Though Girlfriends helped put the stories of Black women front and center, star Tracee Ellis Ross revealed that when she used her "voice powerfully ... it wasn’t well received."
"People don’t want to be told that what they’re doing might not be the right thing or might not make everybody happy," she told Harper's BAZAAR. "But I am somebody who — I don’t just go along to get along.”
The 49-year-old has proved that over the years, becoming popular on social media for her fun, laidback attitude about life, but the actress insisted that she's not putting on a persona just to gain fans.
"People are like, 'You’re the poster child for being single,'" she recalled. "And I was like, ‘Great.’ But what I would prefer is that I’m the poster child for living my life on my terms. And that there’s a version of that for everyone."
"I don’t live my life for other people. I just totally live it for me," the Pattern Beauty founder insisted. "This is something that has really solidified itself into an unbreakable, unshakable foundation in the last four or five years."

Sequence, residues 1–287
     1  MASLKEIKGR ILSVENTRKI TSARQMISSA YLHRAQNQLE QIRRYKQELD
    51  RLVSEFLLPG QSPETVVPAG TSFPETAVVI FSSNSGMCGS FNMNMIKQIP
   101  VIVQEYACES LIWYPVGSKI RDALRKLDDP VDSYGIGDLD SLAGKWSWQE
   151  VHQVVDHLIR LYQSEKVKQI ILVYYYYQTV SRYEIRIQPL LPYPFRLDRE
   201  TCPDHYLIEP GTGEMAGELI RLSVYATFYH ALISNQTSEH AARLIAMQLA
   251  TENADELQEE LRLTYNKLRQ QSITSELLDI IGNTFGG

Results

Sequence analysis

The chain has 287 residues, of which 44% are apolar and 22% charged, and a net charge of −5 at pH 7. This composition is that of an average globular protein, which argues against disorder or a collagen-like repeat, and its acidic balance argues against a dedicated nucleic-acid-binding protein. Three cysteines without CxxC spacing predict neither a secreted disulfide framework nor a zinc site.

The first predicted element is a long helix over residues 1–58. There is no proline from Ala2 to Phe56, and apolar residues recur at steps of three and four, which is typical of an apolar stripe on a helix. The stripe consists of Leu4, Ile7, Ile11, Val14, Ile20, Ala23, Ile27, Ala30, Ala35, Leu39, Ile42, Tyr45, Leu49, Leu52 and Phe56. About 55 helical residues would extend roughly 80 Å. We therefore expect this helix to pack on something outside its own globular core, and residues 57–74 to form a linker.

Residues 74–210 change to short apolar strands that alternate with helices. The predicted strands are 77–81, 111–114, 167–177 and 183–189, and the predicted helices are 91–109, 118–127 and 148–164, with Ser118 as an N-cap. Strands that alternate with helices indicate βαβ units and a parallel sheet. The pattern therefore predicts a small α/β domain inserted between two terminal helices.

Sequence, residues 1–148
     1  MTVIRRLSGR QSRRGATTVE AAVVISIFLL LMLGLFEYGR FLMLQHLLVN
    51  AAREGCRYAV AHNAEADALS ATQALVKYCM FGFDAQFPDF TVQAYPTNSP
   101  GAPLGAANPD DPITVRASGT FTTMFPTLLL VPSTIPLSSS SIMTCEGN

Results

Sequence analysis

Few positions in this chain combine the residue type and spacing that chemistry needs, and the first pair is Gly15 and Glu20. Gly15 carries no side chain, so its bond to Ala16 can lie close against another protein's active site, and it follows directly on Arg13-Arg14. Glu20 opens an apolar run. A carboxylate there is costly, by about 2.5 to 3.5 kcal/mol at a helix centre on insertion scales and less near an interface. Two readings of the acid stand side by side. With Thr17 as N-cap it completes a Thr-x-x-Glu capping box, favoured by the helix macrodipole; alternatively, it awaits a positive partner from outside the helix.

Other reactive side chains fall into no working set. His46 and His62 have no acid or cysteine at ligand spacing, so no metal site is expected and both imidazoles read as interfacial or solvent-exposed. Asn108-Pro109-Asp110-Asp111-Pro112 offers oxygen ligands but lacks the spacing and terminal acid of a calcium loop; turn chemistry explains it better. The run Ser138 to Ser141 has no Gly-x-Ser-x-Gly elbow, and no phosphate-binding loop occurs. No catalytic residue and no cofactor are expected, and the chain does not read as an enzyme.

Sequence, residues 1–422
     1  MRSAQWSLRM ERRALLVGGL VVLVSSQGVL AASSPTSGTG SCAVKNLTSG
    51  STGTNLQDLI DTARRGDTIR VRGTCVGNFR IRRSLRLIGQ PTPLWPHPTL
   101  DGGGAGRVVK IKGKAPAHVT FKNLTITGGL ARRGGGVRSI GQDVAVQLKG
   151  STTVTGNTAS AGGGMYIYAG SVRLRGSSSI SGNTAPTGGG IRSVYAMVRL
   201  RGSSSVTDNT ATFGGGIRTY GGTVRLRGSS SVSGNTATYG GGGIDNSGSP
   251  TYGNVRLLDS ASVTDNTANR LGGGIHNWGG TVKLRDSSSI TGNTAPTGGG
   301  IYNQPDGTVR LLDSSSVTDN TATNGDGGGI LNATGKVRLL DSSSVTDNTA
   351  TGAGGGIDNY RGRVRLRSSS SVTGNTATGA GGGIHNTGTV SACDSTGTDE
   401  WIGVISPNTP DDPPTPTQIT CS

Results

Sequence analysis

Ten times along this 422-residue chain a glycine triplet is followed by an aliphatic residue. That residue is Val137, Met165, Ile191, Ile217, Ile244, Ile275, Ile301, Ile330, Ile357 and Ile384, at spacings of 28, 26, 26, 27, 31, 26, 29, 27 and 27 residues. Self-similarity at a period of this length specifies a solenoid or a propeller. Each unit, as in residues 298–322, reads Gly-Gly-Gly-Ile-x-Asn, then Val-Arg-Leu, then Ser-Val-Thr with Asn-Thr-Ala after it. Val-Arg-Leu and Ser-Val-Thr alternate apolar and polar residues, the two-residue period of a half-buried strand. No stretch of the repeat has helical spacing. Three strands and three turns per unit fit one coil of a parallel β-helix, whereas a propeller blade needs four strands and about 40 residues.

During those "last four or five years," Ross has been busy portraying matriarch Dr. Rainbow "Bow" Johnson on Black-ish, the hit ABC comedy that's earned more than a dozen Emmy nominations.
The series is where Ross "found" her voice: "It came before, but I really started using it during Black-ish."
"Black-ish offered me a different and larger platform," Los Angeles native explained. "I’ve always been a person who speaks up. I can’t help it. Sometimes the practice for me is — perhaps the exercise today is to not speak up."
Despite her confidence, Ross revealed that learning to be true herself has "been a really long journey."
"I tried being small and feeling things in little ways. It took me a long time to get to know myself, to accept myself, and even on some days to really like and love myself. And then it took me a whole other load of years to have the courage to actually live in the world as that person," she shared. "And it’s been trial and error, chewing on ground glass. It’s been a hard-earned journey of self-discovery and self-acceptance. I mean, I came out of the womb like this. I literally think I was like, ‘Woo-hoo! I’m here. What have you got? Let’s go!’"